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This is Rob Long with Martini Shot on KCRW.
A few years ago, I had dinner with an actor and his manager. I was trying to woo this actor to take the lead role in a pilot I was producing. He liked the part, liked the script, but was a little hesitant about signing what was, essentially, a six-year commitment. In success, that is. The truth is that television pilots have about a ninety-eight percent failure rate, and of the successful pilots that go on to series, those have about a ninety-five percent failure rate.
I didn't actually get to go to the math Olympics, but I do know that if you take a ninety-five percent failure rate and somehow put it inside a ninety-eight percent failure rate, you get disaster, chaos, bankruptcy, financial collapse, and clinical depression. You get the TV business, in other words.
But that's not a terribly inspiring pitch to an actor contemplating doing a television series. "Hey, look, this thing isn't going to go. Just do the pilot and move on." People like uplifting messages.
And also: his manager was really pushing this. He really wanted his client to do the pilot – not only because it was a great piece of writing and because of the sterling reputation of the show-runners, but because there's a little thing called the "producer's fee" which a lot of managers get for delivering their client to a project. Plus they get a cut of the client's fee. Plus, points – well, they ask for points, but they don't always get those.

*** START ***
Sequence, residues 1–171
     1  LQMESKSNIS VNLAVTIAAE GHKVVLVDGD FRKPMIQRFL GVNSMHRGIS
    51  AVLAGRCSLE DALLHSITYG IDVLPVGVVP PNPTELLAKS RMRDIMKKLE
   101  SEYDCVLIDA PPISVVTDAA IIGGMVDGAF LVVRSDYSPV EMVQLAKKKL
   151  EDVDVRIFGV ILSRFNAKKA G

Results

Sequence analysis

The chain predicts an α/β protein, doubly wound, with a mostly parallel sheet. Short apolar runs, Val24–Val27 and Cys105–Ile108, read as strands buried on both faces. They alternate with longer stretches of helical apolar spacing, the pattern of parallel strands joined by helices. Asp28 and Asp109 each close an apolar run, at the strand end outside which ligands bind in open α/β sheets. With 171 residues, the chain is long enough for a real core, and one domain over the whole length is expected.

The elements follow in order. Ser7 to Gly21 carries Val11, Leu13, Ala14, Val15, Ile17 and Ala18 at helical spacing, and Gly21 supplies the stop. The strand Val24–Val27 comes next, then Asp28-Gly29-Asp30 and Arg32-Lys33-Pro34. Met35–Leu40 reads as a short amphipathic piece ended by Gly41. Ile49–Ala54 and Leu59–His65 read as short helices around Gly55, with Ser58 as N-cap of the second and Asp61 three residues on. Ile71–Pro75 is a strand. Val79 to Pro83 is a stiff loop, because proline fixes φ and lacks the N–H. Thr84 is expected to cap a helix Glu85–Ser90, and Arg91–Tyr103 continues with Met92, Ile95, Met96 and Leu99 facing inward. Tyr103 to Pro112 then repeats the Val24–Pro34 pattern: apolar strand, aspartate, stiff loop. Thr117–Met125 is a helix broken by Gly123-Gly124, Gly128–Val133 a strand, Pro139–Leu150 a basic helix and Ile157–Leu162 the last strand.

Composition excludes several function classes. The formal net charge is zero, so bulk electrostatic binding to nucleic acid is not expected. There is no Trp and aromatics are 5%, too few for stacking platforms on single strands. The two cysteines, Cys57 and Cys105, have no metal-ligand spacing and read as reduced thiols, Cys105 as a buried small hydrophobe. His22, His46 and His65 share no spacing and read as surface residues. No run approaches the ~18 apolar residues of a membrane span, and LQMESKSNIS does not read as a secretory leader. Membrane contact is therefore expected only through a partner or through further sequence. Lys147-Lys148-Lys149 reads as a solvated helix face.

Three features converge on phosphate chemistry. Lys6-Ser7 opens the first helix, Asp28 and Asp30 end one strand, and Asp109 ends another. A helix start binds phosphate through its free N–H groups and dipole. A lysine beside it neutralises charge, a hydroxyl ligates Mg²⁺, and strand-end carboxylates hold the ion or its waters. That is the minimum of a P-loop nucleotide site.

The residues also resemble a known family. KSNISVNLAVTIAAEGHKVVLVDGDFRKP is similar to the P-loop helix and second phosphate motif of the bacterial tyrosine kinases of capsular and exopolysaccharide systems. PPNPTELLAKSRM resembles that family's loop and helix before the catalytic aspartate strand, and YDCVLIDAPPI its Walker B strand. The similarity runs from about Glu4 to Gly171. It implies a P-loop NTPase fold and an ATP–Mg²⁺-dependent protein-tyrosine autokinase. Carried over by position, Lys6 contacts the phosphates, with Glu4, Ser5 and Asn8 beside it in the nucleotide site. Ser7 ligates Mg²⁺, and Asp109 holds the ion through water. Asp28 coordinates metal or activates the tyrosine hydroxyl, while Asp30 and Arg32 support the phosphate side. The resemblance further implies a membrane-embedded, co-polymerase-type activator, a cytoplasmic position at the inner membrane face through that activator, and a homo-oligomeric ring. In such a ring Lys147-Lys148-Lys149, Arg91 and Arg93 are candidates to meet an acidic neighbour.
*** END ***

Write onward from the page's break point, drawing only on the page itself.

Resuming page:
In fact, the whole reason for the dinner in the first place was because his manager had set it up – his manager had insisted. He set up the dinner, made the reservation, ordered the wine, took charge. He was doing his part to make this happen.
So pretty much everybody at the table was pushing the actor to say "yes," especially the actor's representative.
I mean, it was an expensive restaurant. We ate well. We drank good wine. We wined and dined and wooed and schmoozed. And the actor said he'd think about it.
He left before the rest of us – something about a wife and kids and the airport – and so we lingered for a few moments with his manager. The check arrived.
"We have got to get him in this," the manager said, plaintively.
The check sat there. Let me repeat: this was a dinner set up, instigated, arranged, and defacto demanded by the manager.
"It is such a great part for him."
The check sat there, but louder. I ignored it.
"He says he wants to do independent films. There are no independent films that are calling."
The check started screaming. He ignored it.
"I just…you know, I just don't know. I thought with dinner and a nice bottle of wine…."
The check started to dance around the table. We ignored it.
"You know what I'm going to do? I'm going to talk to him."
And the manager jumped out of his seat and raced out of the restaurant, where the actor was waiting for his car. We could see them through the window, talking. Talking. Nodding. The actor's car pulled up. A hug goodbye. He drove off. Then the manager's car pulled up. And he drove off.
And the check, if it's possible, was laughing at me.
That's it for this week. Next week, we'll stay relentless positive. For KCRW, this is Rob Long with Martini Shot.